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Drug Trial Starts for Mexico’s Former Top Security Official

Genaro García Luna was best known as the mumbling, tough-looking former security secretary under ex-President Felipe Calderón.

The man who was once Mexico’s top security official and in charge of fighting the drug cartels went on trial Tuesday on charges he accepted millions of dollars in bribes in exchange for helping the powerful Sinaloa Cartel move drugs and its members avoid capture.

Genaro García Luna was best known as the mumbling, tough-looking former security secretary under ex-President Felipe Calderón, who spearheaded the bloody war on cartels between 2006 and 2012.

Prosecutors say García Luna was so brazen he accepted tens of millions of dollars, often stuffed in briefcases. The evidence against him includes pay stubs, though whether they are from official jobs, private sector consultancy, cartel payments or other bribes is unclear.

They say he continued to live off his ill-gotten proceeds even after he moved to the United States, where he was arrested in 2019, though the defense says he was a legitimate businessman. Jury selection was scheduled to continue Wednesday in the trial scheduled to unfold over the next eight weeks.

In the end, the case could reveal the inner workings of how Mexican cartels have been able to operate so openly for so long: by bribing Mexican police and military right up to the top ranks.

“For decades, Mexico’s political elite, of all parties, has sought by any means to have security ministers, generals, police commanders, interior secretaries and high-ranking officials tried and imprisoned in Mexico. … All that to avoid them giving information on the ties between the drug cartels and politicians,” said Mexican security analyst David Saucedo. “García Luna’s trial in the United States breaks with that pattern.”

Mexican President Andrés Manuel López Obrador has welcomed the trial, which is expected to cast light on corruption in the administration of Calderón, whom the president accuses of robbing him of the presidency in 2006.

But López Obrador himself fought tooth and nail to avoid a U.S. trial of former Defense Secretary Gen. Salvador Cienfuegos on similar charges in 2020, at one point threatening to kick agents from the U.S. Drug Enforcement Administration out of Mexico unless the general was returned, which he was.

The trial begins just days after U.S. President Joe Biden met with López Obrador in Mexico City. The two governments pledged continued cooperation against the drug cartels, especially against the scourge of the synthetic opioid fentanyl, which contributed to more than 107,000 drug overdose deaths in the U.S. in 2021. López Obrador scrapped the civilian federal police force that García Luna once led and put the military in charge of much of the country’s security.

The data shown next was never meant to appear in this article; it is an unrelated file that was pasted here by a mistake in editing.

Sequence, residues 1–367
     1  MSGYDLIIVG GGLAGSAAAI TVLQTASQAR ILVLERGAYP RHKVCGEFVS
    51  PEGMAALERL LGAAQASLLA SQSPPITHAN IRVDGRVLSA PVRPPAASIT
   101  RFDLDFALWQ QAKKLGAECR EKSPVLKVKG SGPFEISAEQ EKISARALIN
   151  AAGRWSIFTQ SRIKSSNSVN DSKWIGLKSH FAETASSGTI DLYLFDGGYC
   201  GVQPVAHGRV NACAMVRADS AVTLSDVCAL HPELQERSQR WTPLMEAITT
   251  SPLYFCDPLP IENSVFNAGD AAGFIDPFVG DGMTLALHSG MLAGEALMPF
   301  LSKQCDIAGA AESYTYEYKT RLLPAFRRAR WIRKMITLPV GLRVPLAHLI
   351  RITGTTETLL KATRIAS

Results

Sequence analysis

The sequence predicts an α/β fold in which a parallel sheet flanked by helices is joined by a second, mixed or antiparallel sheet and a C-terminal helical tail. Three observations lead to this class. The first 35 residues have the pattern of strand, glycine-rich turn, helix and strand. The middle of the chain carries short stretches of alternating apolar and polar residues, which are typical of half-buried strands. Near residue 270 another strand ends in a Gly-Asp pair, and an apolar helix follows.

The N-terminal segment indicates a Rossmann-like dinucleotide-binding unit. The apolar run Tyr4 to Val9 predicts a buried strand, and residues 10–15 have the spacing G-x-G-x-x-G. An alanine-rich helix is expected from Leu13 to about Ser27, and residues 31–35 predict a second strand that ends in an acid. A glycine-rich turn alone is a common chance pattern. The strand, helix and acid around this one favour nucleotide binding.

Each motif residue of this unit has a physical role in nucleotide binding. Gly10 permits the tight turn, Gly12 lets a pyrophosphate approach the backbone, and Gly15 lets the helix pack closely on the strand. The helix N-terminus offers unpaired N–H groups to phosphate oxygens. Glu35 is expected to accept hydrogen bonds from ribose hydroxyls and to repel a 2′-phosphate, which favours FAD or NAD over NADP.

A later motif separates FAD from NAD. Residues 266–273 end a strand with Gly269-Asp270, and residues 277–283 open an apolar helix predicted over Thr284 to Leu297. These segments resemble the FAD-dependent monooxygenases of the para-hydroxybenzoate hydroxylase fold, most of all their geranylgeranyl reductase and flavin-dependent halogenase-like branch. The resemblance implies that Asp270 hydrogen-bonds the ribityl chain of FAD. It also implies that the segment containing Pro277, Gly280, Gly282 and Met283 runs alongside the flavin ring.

“It’s not the same to put a civilian PAN official on trial, as it is to put a defense secretary on trial, when your whole national security policy rests on the armed forces,” said Ana Vanessa Cárdenas, an international security analyst at the Anahuac University, referring to Calderón’s conservative National Action Party.

García Luna has pleaded not guilty to drug trafficking charges and a continuing criminal enterprise. He could face decades in prison if convicted.

What he will face in a Brooklyn courtroom is a parade of government witnesses, including high-level cartel members of a kind not seen in Brooklyn since Sinaloa boss Joaquín “El Chapo” Guzmán was convicted there in 2019 and sentenced to life in prison. Some accusations against García Luna surfaced at the Guzmán trial.

“While holding public office, (García Luna) used his official positions to assist the Sinaloa Cartel … in exchange for multimillion-dollar bribes,” U.S. Attorney Breon Peace wrote in a court filing last week. “At trial, the government expects that numerous witnesses, including several former high-ranking members of the Sinaloa Cartel, will testify about bribes paid to the defendant in exchange for protection.”

In exchange for the bribes, García provided the Sinaloa Cartel with “safe passage for its drug shipments, sensitive law enforcement information about investigations into the cartel, and information about rival drug cartels,” Peace wrote. “These payments allowed the cartel at times to receive warnings in advance of law enforcement efforts to apprehend cartel members and to allow cartel members to be released if arrested.”

Before convicting Guzmán in 2019, jurors in his New York trial heard former cartel member Jesús Zambada testify that he personally made at least $6 million in hidden payments to García Luna, on behalf of his older brother, cartel boss Ismael “El Mayo” Zambada.

The cartel is now believed to be run by Zambada and at least three of Guzmán’s sons, one of whom was arrested earlier this month on an extradition request from the United States.

García Luna isn’t the first top Mexican official arrested for involvement with drug traffickers. Gen. Jesús Gutiérrez Rebollo was made Mexico’s drug czar by President Ernesto Zedillo in 1996. He was arrested the following year after it was discovered he was living in a luxury apartment owned by the leader of the Juarez cartel, Amado Carrillo Fuentes.

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